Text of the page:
‘Yes, professor. My point is, your philosophical premise is flawed to start with, and so your conclusion must also be flawed.’

    The professor’s face cannot hide his surprise this time. ‘Flawed? Can you explain how?’

    ‘You are working on the premise of duality,’ the student explains. ‘You argue that there is life and then there’s death; a good God and a bad God. You are viewing the concept of God as something finite, something we can measure.

    Sir, science can’t even explain a thought. It uses electricity and magnetism, but has never seen, much less fully understood, either one. To view death as the opposite of life is to be ignorant of the fact that death cannot exist as a substantive thing. Death is not the opposite of life, just the absence of it. Now tell me, professor, do you teach your students that they evolved from a monkey?’

    ‘If you are referring to the natural evolutionary process, young man, yes, of course I do.’
    ‘Have you ever observed evolution with your own eyes, sir?’
    The professor begins to shake his head, still smiling, as he realizes where the argument is going. A very good semester, indeed.
    ‘Since no one has ever observed the process of evolution at work and cannot even prove that this process is an on-going endeavor, are you not teaching your opinion, sir?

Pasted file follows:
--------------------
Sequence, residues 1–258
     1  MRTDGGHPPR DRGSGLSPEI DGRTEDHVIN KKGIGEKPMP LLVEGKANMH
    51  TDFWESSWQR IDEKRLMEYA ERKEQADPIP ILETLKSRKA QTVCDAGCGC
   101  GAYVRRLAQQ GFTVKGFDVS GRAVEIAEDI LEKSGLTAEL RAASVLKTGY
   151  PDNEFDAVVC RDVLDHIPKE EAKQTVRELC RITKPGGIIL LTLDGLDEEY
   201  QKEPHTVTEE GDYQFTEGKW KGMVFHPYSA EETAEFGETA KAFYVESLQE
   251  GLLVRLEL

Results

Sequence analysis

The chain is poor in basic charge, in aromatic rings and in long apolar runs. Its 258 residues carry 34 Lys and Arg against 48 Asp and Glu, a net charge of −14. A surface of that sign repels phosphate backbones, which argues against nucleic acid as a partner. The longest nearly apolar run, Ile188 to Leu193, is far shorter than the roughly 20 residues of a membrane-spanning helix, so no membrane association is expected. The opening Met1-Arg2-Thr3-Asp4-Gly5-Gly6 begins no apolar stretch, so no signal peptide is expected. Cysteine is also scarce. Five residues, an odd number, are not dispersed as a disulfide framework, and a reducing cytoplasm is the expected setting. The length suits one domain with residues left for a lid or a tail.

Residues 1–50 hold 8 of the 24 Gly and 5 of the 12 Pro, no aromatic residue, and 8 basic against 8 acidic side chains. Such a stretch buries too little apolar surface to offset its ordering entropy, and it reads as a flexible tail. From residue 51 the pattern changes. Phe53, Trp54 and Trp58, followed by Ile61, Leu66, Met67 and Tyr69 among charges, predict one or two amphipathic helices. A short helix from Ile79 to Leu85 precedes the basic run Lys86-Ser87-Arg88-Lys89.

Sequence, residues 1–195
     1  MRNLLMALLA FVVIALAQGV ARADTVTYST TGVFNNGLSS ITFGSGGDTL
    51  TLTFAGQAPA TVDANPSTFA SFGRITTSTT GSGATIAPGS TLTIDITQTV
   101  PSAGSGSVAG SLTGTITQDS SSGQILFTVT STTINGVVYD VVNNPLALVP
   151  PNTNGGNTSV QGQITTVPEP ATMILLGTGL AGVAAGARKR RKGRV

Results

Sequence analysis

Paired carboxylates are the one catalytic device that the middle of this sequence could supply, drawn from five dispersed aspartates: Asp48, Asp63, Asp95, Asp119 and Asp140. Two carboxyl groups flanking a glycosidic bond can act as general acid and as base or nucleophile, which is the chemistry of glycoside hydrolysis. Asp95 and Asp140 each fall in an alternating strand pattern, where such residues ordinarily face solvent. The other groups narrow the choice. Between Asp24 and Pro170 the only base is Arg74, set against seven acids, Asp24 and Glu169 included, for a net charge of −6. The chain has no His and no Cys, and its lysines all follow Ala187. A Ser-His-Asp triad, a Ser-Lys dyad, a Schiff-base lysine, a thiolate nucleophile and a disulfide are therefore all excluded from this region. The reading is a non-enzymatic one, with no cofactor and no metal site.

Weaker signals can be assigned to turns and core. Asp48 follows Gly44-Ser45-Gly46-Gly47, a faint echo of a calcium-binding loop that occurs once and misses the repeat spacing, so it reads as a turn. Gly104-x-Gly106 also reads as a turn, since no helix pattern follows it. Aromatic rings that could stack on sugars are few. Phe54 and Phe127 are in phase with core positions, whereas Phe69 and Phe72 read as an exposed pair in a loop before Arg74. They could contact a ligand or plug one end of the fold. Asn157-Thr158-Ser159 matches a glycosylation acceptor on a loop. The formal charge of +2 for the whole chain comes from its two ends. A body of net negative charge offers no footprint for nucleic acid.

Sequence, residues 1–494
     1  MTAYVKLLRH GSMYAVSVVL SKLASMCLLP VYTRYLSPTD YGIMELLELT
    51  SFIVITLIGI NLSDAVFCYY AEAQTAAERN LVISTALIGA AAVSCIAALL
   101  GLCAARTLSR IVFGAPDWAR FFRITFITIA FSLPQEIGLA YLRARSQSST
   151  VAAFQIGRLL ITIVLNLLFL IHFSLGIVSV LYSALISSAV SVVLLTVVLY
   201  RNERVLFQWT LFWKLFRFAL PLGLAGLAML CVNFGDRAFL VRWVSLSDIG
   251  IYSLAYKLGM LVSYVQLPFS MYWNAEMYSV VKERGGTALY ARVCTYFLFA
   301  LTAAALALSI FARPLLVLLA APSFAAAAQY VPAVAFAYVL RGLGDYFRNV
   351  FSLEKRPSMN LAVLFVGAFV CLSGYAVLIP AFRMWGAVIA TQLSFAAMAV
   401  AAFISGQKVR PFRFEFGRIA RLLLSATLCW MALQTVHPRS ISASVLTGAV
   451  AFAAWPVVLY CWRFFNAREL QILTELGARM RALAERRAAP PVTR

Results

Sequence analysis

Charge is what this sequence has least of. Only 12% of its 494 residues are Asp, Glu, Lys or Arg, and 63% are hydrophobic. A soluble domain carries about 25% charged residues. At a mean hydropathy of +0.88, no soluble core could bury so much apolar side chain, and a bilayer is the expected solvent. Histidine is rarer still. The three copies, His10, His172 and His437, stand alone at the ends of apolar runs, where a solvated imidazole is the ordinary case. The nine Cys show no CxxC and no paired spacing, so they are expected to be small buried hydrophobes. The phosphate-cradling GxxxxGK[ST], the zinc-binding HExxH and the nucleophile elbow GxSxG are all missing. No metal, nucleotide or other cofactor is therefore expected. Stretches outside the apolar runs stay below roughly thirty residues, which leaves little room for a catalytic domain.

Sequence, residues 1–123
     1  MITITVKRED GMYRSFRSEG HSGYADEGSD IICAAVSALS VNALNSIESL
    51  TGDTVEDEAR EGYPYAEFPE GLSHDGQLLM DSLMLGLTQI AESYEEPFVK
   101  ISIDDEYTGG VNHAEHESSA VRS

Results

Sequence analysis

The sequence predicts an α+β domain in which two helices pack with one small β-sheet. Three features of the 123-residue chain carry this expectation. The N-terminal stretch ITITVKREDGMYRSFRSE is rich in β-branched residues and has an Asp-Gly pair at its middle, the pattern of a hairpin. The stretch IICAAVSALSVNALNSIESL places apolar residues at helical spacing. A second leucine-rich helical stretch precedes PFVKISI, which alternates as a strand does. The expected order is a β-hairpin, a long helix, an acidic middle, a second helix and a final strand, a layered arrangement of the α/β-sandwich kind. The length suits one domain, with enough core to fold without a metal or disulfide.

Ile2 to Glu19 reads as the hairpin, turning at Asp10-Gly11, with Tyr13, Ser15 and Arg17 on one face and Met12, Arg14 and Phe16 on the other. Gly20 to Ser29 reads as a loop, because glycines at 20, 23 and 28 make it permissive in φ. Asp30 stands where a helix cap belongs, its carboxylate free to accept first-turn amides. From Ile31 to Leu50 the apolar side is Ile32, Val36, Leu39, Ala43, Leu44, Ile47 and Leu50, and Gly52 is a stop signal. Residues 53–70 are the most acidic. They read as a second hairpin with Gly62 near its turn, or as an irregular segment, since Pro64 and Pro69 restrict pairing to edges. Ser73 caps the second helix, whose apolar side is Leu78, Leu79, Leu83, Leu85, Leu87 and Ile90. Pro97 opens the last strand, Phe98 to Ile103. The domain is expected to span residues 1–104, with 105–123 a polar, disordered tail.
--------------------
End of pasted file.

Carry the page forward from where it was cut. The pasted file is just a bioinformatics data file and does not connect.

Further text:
Are you now not a scientist, but a preacher?’

    The class is in uproar. The student remains silent until the commotion has subsided.

    ‘To continue the point you were making earlier to the other student, let me give you an example of what I mean.’ The student looks around the room. ‘Is there anyone in the class who has ever seen the professor’s brain?’ The class breaks out into laughter. ‘Is there anyone here who has ever heard the professor’s brain, felt the professor’s brain, touched or smelled the professor’s brain? No one appears to have done so. So, according to the established rules of empirical, stable, demonstrable protocol, science says that you have no brain, with all due respect, sir. So if science says you have no brain, how can we trust your lectures, sir?’

    Now the room is silent. The professor just stares at the student, his face unreadable. Finally, after what seems an eternity, the old man answers. ‘I guess you’ll have to take them on faith.’

    ‘Now, you accept that there is faith, and, in fact, faith exists with life,’ the student continues. ‘Now, sir, is there such a thing as evil?’
    Now uncertain, the professor responds, ‘Of course, there is. We see it every day. It is in the daily example of man’s inhumanity to man. It is in the multitude of crime and violence everywhere in the world. These manifestations are nothing else but evil.’

    To this the student replied, ‘Evil does not exist, sir, or at least it does not exist unto itself. Evil is simply the absence of God. It is just like darkness and cold, a word that man has created to describe the absence of God. God did not create evil. Evil is the result of what happens when man does not have God’s love present in his heart. It’s like the cold that comes when there is no heat or the darkness that comes when there is no light.’

    The professor sat down.

    That student later went on to write a book. It was titled “God vs. Science” published in 1921 by the student ‘Albert Einstein’.”



…& here’s another gem: